There are many settings where children receive these life experiences. Child Care, private programs,nursery schools from churches, older brothers and sisters and extended families. I am sure the school CAN do it, the point PreK Teacher and I want to make is that school don't necessarily HAVE to run this period of the children's lives.

    In my personal case each child I have sent to school has been reading when they cross the threshold and all have done math well as well. We know where several countries are, what food and landscape and animals you may find. Perhaps how to count in that number. We can tell how a plant develops, what makes an insect different than a spider and who lays eggs.

    My point isn't to hurt anyone's feelings or devalue any programs. The legislature is doing that already. My point is to say that until we have a rating program in place and some Kindergarten entrance "assessments" no one will ever know which program is valuable and which one isn't. I have been asking in my area for years to educate parents about how to use their time as the first "teachers" well, and during that time to make all placements (even for the short movie date time) to be something that will help the child. Use family and teens, but how do you pick a "babysitter" that will be quality?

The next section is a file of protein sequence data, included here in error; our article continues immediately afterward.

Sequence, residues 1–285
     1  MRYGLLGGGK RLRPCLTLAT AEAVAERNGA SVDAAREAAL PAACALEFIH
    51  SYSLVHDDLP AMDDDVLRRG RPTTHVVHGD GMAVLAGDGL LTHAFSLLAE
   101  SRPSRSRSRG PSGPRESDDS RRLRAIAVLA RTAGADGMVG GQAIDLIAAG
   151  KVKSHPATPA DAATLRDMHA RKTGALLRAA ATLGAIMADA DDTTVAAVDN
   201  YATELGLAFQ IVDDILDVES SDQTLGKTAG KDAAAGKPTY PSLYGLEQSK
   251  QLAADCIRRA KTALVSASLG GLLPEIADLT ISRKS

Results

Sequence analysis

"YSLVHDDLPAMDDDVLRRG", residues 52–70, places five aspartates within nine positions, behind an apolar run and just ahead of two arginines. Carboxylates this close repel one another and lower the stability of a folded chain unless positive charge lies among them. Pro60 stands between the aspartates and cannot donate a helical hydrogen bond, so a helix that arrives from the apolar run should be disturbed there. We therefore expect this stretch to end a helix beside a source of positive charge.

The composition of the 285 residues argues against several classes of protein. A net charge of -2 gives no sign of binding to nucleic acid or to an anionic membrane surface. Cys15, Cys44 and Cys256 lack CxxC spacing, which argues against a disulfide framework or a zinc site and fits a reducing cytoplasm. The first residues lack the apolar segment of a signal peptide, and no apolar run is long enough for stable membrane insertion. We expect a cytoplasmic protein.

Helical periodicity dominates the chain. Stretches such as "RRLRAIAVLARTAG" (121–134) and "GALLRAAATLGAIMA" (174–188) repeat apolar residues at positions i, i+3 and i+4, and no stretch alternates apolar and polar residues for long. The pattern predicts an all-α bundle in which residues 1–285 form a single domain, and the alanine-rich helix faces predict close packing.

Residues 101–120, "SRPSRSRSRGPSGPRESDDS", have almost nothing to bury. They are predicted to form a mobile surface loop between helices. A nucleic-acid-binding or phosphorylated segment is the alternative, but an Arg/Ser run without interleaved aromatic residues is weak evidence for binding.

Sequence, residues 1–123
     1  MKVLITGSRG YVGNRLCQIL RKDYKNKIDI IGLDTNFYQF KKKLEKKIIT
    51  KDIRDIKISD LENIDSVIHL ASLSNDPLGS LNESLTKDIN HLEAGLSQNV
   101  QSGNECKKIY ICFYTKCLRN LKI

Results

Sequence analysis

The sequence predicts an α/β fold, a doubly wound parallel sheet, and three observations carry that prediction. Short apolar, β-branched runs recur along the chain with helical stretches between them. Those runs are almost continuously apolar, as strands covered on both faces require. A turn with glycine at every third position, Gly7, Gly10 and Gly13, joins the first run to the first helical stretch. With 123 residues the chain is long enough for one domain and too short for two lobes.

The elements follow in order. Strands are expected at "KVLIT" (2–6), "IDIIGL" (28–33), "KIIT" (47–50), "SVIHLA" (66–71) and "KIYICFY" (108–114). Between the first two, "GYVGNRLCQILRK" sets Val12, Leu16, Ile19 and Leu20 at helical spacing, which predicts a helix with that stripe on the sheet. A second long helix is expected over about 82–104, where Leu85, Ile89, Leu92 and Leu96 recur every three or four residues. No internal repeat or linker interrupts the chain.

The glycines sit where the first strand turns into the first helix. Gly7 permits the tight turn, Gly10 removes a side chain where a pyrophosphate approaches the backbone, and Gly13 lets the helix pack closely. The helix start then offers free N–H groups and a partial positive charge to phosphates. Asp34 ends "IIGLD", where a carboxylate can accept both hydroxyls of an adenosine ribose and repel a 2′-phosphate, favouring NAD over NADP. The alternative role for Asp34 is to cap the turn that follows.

No I do not think all children are entitled to ECE as provided by schools. Frankly I think only that children who qualify as delays are entitled. In may area many of even these children have failed to place due to the school knowing "they are in a program that will meet their needs and their qualification is not as strong as some."